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What is burnout?

What is burnout?

 

After taking a bit of a break, due to having worked incredibly hard over the past few months, it seems fitting to return with a blog on burnout; a topic that is relevant to not only the fact that I took some time out but also current times…

Not that I burnt out. I am pleased to report that I do actually practice what I preach and took some time to work less/ rest more and therefore avoid burnout!

However, I have been speaking to many people since lockdown started here in the UK (individuals and organisations) and burnout is a hot topic at the moment because of the ‘always on’ culture that, for many people, has intensified due lockdown measures and working from home.

 

So, over the next few weeks I will be sharing some insights around burnout with the ultimate goal to help you avoid it yourself or for those you lead and/or care for.

 

As of last year, the World Health Organisation declared ‘burnout’ an official medical condition that is to be recognised by the professional health community.

According to the WHO, burnout isn’t just synonymous with being stressed out, it is “a syndrome conceptualised as resulting from chronic workplace stress that has not been successfully managed.”

The classification came as a result of the revision of the International Classification of Diseases and the ailment ‘burnout’ can now be found under “Problems associated with employment or unemployment”.

 

According to the health guidelines, burnout is categorised by the following symptoms:

 

  • Feelings of energy depletion or exhaustion.
  • Increased mental distance from one’s job, or feelings of negativism or cynicism related to one’s job.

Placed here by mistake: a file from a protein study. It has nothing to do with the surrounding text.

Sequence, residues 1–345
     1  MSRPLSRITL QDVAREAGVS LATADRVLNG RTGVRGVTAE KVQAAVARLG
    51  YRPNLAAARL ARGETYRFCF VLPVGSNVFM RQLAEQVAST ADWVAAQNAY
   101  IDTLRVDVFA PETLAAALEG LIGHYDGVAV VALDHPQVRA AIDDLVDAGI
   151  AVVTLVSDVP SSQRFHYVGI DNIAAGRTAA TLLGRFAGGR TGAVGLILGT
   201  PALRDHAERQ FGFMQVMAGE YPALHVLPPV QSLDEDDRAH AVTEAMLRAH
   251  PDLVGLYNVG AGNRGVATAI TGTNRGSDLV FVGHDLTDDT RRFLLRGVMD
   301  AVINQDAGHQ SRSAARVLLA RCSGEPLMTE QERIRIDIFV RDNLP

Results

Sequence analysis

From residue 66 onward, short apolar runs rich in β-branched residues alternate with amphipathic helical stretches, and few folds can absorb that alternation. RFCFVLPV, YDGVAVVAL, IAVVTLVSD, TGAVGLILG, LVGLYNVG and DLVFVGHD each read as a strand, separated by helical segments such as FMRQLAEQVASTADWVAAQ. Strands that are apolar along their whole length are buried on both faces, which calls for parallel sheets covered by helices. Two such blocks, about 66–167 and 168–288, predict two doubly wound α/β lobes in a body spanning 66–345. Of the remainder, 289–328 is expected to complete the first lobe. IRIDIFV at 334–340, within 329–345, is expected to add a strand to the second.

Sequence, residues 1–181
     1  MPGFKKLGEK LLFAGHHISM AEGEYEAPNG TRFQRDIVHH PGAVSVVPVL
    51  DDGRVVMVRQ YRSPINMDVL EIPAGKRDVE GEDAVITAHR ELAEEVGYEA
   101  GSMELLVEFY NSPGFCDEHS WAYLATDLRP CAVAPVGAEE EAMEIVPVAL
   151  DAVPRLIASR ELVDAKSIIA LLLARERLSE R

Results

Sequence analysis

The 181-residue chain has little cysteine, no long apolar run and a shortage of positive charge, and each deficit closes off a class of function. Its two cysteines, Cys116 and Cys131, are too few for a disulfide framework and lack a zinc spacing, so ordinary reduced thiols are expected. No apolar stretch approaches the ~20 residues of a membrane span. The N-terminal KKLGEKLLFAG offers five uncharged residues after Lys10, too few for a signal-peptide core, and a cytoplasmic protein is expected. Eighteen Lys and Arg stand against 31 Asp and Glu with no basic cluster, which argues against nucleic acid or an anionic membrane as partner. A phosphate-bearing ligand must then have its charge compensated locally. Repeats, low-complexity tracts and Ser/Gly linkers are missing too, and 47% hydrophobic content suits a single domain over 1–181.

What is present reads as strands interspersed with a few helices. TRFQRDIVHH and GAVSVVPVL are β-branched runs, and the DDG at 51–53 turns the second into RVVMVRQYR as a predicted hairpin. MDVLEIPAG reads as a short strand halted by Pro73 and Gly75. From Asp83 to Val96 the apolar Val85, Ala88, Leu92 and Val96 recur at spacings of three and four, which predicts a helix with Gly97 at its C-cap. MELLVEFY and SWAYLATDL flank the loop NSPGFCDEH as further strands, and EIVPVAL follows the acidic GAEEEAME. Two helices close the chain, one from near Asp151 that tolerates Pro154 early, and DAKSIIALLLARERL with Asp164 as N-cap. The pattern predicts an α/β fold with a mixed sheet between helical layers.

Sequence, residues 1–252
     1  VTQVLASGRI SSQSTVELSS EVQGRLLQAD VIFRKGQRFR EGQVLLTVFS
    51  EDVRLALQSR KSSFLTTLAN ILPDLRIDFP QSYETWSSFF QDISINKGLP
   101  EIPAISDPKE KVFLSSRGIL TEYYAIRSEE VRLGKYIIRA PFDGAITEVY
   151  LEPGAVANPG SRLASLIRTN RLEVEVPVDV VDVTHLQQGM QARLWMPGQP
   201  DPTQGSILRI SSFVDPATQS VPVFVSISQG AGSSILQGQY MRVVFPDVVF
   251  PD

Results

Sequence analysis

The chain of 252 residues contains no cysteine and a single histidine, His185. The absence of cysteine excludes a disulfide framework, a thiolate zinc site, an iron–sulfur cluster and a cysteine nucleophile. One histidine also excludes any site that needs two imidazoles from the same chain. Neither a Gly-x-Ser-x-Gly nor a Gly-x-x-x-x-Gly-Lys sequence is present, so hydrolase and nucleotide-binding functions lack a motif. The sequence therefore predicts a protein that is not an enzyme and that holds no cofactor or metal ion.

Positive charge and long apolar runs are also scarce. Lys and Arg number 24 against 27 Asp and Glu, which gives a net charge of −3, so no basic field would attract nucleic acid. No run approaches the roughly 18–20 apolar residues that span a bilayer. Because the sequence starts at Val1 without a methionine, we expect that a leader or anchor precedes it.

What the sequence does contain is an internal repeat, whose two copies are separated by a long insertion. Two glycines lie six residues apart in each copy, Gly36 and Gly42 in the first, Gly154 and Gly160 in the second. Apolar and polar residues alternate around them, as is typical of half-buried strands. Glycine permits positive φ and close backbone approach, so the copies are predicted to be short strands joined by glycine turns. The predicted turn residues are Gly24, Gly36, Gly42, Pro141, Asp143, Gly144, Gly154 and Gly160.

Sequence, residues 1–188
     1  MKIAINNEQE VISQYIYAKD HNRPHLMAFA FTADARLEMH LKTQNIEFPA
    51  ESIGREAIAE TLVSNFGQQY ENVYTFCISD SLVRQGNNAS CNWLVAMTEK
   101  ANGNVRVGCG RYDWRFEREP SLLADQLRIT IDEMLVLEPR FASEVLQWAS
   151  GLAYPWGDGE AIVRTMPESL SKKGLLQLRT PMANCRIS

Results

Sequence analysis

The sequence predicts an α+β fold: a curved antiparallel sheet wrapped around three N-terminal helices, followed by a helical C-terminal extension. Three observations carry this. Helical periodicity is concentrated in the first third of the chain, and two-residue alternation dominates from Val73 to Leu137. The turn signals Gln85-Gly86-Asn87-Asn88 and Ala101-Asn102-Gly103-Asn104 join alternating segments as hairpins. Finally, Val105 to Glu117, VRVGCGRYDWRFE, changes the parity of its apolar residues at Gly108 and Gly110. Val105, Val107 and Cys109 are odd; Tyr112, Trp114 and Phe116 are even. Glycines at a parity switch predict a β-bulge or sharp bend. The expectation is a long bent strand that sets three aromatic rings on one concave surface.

• Reduced professional efficacy.

 

“Burn-out refers specifically to phenomena in the occupational context,” says the WHO, “and should not be applied to describe experiences in other areas of life.”

Yet, this is where I somewhat disagree.

Having coached and mentored many people who work in high-pressured environments, I definitely recognise that burnout is caused by work-related stress.

But stress from overall lifestyle can also play a big role, which is often a result of personality traits, coping mechanisms and/or thought patterns.

 

That is not to blame the individual, but when someone is suffering with burnout it’s really important to consider the following issues as well:

 

  • People pleasing and not knowing when/ how to say no
  • Being in a toxic environment or around toxic people
  • Prioritising others over yourself
  • Lack of structure/discipline
  • Too much structure/discipline
  • Negativity and pessimism
  • Perfectionism
  • Seeking self-worth from excelling and recognition
  • Super(wo)man syndrome (I can do it all)
  • Unrealistic expectations
  • Having little control over what you’re doing
  • Not being appreciated for what you’re doing
  • Addiction to busyness
  • Workaholism
  • Addiction to exercise
  • Never stopping/resting
  • Working hard and playing hard
  • Poor diet
  • Poor sleep

 

Many of these issues do contribute to burnout and sometimes it’s a chicken and egg situation…

For example, when someone is very stressed due to work-related pressures it’s likely that their wellbeing will be affected, which further exacerbates the problem. Yet on the flip side, if someone isn’t looking after their health and wellbeing, their resilience drops, and they are likely to find it harder to cope under pressure.

Also, as I’ve shared many times before, when we’re stressed, we start to look at life through the lens of potential threats. Which over-time can lead to being more cynical and negative and further stressed: stressful thoughts ramp up stress hormones and vice versa.

When looking at personality traits, one example that I often see in clients is that very driven, ambitious types may also have perfectionist or people pleasing tendencies not just in the workplace but also in their life outside of work: friendships, family, finances, self-improvement, parenting, further education, travel and culture, spirituality, home decor, sports and fitness, appearance etc — adding further pressure, stress and busyness to their overall life experience.

If you feel overwhelmed, burnt out or close to burn out, I suggest you consider the list above and see if you identify with any traits or circumstances that could be contributing to your overall stress levels.

 

In next week’s blog, we’ll look at how the real-life working challenges of current times (re lockdown and working from home) are contributing to chronic stress and burnout.

 

If you are worried that you might be close to or experiencing burnout, please do reach out for a no obligation consultation where we can discuss your situation and I can help you get clarity on the best way to move forward. Click HERE

 

Love Kate x

Kate Horwood